Coarse-grained lipid-protein interactions were characterized using in-house python scripts which used the numpy, MDAnalysis (Michaud-Agrawal et al., 2011), and pandas libraries (as done previously in Chang Lin et al., 2022). A cutoff of 0.7 nm was used to define interactions between lipids and protein residues. Distance heatmaps were generated based on the minimum distance between a PIP bead and the side chain (SC2) bead of the interacting arginine or lysine residue. Binding durations were calculated by first counting the number of interactions between each PIP and VSD-IV binding residues (R1460, R1463, K1466, and R1469). A binding event is defined as the time between the first and last time that PIP interacts with two or more binding residues on VSD-IV, if it interacts with a minimum of one binding residue between this period. Stability of IFM/IQM motif binding in flexible linker coarse-grained simulations was assessed by measuring the distance between the center of mass of the phenylalanine/glutamine residue to the center of mass of three residues (L1153, I1485, and N1591) within the IFM receptor site.

For atomistic simulations, MDAnalysis (Michaud-Agrawal et al., 2011) was used to calculate RMSD of various parts of the protein and PIP headgroup, and RMSF of the carbon-alphas. Statistical significance in RMSF was assessed using Student’s t-test. ProLIF (Bouysset and Fiorucci, 2021) was used to compute electrostatic interactions between the protein and binding residues. Representative snapshot of PIP2 binding was generated using the WMC Clustering Tool in Visual Molecular Dynamics (VMD) to identify the top cluster of the PIP2 headgroup (RMSD cutoff of 3 Å), then subsequently cluster the six binding residues to identify the most representative binding configuration. Trajectories were strided every 1 ns and the first 250 ns of simulations was discarded as equilibration time for analyses of RMSF, ProLIF interactions, and clustering. All analysis scripts are available on GitHub (nav_pip_project; copy archived at Tao, 2023).

Simulations were visualized and protein image figures produced using VMD (Humphrey et al., 1996). ClustalOmega (Goujon et al., 2010; Sievers et al., 2011) and JalView (Waterhouse et al., 2009) were used to generate and visualize sequence alignments. Structural representations of Kᵥ7.1, Caᵥ2.2, and Naᵥ1.4 structures were created in VMD by aligning each of the S4 helices on the VSD where the PIP was bound.

Data availability

All analysis code is available on GitHub (nav_pip_project; copy archived at Tao, 2023).


  1. Book
    1. Case DA
    AMBER 2020
    San Francisco: University of California.
    1. Hille B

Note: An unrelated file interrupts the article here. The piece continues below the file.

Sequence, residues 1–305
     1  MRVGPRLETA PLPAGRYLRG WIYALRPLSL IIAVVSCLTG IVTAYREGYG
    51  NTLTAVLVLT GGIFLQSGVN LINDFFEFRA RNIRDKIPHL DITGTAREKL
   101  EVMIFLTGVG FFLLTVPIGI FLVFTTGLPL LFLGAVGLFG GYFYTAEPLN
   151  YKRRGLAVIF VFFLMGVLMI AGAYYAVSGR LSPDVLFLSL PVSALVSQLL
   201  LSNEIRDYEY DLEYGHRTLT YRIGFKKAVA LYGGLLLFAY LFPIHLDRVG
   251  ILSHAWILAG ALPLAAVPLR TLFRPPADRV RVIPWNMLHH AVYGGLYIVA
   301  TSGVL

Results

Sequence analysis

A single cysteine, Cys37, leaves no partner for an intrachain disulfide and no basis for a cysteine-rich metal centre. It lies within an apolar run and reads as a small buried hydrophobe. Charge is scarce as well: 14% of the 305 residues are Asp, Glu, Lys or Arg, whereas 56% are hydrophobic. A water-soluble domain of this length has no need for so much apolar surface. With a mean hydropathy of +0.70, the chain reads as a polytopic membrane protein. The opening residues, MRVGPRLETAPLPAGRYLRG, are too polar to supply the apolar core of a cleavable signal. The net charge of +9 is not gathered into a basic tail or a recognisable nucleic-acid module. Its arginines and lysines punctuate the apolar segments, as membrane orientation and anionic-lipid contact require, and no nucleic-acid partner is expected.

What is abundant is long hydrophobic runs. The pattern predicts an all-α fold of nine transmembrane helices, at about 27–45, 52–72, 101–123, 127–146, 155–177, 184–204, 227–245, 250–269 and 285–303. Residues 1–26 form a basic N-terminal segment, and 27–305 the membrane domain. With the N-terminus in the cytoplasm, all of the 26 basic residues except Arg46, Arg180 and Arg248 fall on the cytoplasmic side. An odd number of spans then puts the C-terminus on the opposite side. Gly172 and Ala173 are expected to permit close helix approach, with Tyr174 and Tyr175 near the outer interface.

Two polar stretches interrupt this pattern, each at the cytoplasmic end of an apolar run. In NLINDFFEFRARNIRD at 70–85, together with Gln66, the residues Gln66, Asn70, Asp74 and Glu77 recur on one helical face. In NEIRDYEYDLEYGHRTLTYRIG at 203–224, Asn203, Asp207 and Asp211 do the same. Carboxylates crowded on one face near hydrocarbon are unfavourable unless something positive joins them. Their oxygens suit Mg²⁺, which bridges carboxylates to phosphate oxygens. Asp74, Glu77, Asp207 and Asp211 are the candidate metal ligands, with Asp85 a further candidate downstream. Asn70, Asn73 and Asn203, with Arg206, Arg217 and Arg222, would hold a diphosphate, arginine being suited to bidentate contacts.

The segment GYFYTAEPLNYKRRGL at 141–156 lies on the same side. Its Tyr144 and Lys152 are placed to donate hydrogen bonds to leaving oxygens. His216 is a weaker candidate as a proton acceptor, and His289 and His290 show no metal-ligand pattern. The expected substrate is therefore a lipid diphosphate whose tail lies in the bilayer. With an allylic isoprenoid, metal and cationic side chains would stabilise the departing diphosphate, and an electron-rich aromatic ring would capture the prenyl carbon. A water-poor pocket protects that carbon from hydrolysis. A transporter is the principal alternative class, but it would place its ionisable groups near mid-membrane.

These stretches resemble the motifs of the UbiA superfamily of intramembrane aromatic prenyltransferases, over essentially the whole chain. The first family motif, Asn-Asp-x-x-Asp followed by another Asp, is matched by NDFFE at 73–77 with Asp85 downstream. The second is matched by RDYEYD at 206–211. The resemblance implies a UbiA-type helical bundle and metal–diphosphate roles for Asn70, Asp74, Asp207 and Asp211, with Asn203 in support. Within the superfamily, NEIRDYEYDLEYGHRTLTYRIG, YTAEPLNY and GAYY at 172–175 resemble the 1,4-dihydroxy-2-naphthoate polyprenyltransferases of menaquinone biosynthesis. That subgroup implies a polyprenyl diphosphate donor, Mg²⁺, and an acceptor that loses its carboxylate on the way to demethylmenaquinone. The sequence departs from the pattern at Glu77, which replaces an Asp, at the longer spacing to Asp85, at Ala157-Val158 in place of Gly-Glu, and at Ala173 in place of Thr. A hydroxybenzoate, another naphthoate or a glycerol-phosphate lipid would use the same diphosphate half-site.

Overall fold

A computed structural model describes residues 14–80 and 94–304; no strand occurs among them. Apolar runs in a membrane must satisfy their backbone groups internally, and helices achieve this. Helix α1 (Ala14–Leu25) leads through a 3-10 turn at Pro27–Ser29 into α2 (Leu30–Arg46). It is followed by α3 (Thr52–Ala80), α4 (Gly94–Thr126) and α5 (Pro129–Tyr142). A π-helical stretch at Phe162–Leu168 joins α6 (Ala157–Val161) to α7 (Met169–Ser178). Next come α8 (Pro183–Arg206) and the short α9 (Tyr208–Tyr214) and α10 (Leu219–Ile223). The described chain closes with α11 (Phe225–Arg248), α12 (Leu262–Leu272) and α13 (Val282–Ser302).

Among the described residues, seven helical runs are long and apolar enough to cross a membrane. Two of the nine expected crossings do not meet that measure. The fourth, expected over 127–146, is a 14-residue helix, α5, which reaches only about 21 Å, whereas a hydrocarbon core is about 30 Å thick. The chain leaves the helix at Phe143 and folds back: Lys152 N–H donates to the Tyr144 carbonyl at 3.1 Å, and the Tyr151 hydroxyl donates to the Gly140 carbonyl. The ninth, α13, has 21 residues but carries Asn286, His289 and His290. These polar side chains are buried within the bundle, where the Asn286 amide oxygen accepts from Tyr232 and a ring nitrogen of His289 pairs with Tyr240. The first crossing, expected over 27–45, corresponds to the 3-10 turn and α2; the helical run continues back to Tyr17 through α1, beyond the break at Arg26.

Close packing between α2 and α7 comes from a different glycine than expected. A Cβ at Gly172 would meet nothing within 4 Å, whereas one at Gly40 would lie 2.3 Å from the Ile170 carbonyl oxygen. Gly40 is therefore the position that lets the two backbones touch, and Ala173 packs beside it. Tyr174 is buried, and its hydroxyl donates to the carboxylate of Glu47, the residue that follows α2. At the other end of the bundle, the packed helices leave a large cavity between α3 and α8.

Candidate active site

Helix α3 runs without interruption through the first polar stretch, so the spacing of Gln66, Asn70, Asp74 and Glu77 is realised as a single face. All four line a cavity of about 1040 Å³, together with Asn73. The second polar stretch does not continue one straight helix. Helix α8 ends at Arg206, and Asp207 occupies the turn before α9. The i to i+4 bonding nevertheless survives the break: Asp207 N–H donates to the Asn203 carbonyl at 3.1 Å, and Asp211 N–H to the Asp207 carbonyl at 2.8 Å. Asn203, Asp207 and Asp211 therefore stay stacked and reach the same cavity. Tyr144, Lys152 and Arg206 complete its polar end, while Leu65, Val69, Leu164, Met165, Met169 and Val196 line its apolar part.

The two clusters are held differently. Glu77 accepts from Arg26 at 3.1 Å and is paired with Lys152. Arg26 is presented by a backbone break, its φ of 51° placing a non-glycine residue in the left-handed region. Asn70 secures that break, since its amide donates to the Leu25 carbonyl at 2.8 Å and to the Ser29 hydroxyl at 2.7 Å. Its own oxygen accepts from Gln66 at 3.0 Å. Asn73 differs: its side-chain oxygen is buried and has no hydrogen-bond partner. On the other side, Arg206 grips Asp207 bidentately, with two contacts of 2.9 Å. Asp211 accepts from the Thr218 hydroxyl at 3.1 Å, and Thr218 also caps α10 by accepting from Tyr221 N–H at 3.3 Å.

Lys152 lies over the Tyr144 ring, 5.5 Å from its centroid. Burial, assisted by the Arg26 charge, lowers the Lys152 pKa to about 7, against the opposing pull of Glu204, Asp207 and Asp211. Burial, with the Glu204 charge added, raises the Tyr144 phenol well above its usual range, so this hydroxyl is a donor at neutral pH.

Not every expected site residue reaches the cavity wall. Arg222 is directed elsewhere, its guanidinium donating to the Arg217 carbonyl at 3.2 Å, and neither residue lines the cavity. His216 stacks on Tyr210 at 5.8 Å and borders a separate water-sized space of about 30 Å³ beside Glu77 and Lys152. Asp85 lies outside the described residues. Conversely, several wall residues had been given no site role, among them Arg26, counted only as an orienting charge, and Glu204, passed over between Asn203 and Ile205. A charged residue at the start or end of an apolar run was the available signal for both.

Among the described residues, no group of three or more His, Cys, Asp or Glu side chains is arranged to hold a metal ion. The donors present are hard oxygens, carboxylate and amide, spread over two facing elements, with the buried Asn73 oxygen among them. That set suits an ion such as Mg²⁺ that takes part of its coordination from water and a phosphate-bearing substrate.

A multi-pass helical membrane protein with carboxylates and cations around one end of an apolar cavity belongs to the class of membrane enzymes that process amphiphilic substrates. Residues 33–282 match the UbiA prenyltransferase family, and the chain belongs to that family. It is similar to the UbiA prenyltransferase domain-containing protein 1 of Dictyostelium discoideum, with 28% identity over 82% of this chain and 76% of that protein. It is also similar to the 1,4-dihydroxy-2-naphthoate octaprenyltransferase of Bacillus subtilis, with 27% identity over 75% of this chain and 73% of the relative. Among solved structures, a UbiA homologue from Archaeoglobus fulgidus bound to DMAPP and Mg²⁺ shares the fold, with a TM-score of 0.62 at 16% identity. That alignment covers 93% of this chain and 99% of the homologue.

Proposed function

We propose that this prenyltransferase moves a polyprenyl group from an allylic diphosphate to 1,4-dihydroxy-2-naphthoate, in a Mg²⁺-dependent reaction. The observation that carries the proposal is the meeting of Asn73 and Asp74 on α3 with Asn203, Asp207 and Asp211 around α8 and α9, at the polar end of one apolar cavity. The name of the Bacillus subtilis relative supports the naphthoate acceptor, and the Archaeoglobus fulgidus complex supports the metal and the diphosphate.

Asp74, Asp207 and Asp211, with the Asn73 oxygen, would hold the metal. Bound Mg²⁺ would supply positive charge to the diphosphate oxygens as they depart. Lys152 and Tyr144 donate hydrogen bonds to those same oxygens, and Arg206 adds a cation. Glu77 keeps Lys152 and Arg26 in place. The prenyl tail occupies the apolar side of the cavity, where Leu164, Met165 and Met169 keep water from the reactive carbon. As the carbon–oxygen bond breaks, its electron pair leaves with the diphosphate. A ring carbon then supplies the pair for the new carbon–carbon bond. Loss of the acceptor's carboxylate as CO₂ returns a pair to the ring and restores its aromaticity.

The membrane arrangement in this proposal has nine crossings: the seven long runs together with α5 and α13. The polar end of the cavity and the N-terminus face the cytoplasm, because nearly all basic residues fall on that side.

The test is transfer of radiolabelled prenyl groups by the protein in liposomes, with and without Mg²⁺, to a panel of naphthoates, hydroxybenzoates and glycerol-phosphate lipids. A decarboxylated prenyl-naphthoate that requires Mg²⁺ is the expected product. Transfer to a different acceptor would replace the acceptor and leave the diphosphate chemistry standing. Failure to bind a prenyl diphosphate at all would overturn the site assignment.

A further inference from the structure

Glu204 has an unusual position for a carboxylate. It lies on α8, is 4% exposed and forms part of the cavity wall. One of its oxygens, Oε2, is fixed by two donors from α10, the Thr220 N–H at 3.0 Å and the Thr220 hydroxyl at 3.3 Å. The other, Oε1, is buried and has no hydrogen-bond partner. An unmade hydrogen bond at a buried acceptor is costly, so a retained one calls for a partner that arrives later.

2. Dickson EJ
    3. Kruse M
    4. Vivas O
    5. Suh BC
    (2015) Phosphoinositides regulate ion channels
    Biochimica et Biophysica Acta (BBA) - Molecular and Cell Biology of Lipids 1851:844–856.
  2. Book
    1. Wu EL
    CHARMM‐GUI Membrane Builder toward Realistic Biological Membrane Simulations
    Wiley Online Library.

Article and author information

Author details

  1. Yiechang Lin

    Research School of Biology, Australian National University, Canberra, Australia
    Conceptualization, Software, Formal analysis, Investigation, Visualization, Methodology, Writing – original draft, Writing – review and editing
    Contributed equally with
    Elaine Tao
    For correspondence
    Competing interests
    No competing interests declared
    ORCID icon "This ORCID iD identifies the author of this article:" 0000-0001-9836-132X
  2. Elaine Tao

    Research School of Biology, Australian National University, Canberra, Australia
    Conceptualization, Software, Formal analysis, Investigation, Visualization, Methodology, Writing – original draft, Writing – review and editing
    Contributed equally with
    Yiechang Lin
    For correspondence
    Competing interests
    No competing interests declared
    ORCID icon "This ORCID iD identifies the author of this article:" 0000-0003-0332-1646
  3. James P Champion

    Research School of Biology, Australian National University, Canberra, Australia
    Competing interests
    No competing interests declared
  4. Ben Corry

    Research School of Biology, Australian National University, Canberra, Australia
    Supervision, Funding acquisition, Methodology, Writing – original draft, Writing – review and editing
    For correspondence
    Competing interests
    No competing interests declared
    ORCID icon "This ORCID iD identifies the author of this article:" 0000-0002-6324-442X